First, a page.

"The displacement of the people due to major river valley projects has occurred in both developed and developing countries. In the past, there was no definite policy for rehabilitation of displaced persons associated with the river valley projects in India .. [C]ash compensation [under the provisions of the Land Acquisition Act] was the practice, which resulted in the resettlement of displaced families becoming unsustainable due to squandering away of the compensation money. This type of rehabilitation programmes deprived the poor and illiterate tribals from their land, houses, wages, natural environment and their socio-economic and cultural milieu."

And the NWDT's R&R policy, later "liberalised" by the states of Gujarat, Maharashtra and MP, explicitly lays down that people who give up land must get land in return. For example, Gujarat's policy begins by promising that all oustees will get land "equal in area to the land acquired, subject to a minimum of 2 hectares per project-affected family".

But even if "liberalised" R&R packages exist, project-affected people are realising that they exist only on paper. No dam-building authority treats R&R with any will or determination. Close to two decades after work began on dams on the Narmada, R&R there remains a story of failure and misery, visible to anyone who so much as has his eyes open on that river.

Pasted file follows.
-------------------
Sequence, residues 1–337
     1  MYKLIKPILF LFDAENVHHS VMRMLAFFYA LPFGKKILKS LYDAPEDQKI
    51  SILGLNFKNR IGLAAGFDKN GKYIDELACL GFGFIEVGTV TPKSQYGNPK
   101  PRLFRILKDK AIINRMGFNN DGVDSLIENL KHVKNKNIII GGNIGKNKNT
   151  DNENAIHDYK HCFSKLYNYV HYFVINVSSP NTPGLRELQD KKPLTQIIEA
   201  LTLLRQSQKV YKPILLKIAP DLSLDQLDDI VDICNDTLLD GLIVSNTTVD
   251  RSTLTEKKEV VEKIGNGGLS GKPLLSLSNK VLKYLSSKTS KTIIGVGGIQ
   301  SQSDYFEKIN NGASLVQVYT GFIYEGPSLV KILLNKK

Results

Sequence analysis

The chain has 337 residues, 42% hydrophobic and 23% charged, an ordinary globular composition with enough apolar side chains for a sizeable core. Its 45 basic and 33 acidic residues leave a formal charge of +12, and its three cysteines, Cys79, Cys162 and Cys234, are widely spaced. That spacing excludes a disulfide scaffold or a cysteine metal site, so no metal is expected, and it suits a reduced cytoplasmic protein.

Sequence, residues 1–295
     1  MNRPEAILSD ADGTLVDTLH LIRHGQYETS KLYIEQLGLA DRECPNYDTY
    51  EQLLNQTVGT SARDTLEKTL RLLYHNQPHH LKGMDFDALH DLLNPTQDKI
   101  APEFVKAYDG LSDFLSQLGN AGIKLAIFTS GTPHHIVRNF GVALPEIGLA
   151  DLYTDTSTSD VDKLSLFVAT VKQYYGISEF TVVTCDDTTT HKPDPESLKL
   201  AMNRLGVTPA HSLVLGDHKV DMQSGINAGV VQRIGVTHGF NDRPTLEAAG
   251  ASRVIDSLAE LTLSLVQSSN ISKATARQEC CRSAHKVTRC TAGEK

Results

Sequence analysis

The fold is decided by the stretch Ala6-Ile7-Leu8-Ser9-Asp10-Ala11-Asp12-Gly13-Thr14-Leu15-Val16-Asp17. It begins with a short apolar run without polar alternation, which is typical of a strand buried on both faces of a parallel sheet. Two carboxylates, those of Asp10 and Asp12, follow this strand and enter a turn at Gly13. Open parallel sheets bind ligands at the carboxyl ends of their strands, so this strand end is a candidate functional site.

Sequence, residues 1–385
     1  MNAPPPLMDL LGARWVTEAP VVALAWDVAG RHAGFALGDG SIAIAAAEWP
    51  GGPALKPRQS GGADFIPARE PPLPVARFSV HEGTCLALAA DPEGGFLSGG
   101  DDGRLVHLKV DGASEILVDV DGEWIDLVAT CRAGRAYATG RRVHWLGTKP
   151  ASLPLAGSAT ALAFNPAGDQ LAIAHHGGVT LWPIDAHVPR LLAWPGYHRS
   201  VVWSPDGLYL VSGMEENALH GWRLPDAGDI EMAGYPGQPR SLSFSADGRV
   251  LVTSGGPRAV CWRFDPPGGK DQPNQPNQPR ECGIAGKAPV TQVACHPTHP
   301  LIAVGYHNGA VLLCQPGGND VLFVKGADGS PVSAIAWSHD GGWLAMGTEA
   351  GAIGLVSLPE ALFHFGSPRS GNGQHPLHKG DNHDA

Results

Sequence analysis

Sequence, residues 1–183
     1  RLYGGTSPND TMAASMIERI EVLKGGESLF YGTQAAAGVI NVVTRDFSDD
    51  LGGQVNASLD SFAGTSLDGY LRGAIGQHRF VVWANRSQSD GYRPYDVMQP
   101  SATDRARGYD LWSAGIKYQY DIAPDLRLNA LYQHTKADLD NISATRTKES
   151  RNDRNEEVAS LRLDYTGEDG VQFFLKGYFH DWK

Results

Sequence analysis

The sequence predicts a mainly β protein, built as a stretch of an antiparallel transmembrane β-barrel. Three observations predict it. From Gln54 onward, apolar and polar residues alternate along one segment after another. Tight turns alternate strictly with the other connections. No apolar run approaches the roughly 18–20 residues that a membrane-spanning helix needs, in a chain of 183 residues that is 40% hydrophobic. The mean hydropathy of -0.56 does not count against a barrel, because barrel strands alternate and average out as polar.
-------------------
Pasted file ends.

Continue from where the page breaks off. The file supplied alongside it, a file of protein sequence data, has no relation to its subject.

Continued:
Yet even that story is being turned more bitter than it already is. As I explained in my column A Letter Comes From MP, MP is actually seeking to change the terms of the NWDT Award. That state wants to return to handing out cash to displaced people.

What happens if they succeed in this effort? We will have an award that actually spells out the dangers of cash compensation and uses that as a context to spell out a detailed R&R package. And that very package -- MP's proposed amendment is to the package itself -- will contain a clause allowing for cash compensation. That *very* package.

The more I learn about these issues, the more they leave me stupefied. The intricate levels of injustice, of trickery, of double-speak, of sheer bull-headed indifference to the condition of ordinary human Indians, are truly beyond comprehension.

And in many ways, that incomprehension is what a few of your fellow citizens are fasting over, in Bhopal. Simple, right? What you would do.


Please send faxes to Digvijay Singh, CM of MP, urging him to listen to the demands of the people on fast in Bhopal. 91-755-551781/540501.

Dilip D'Souza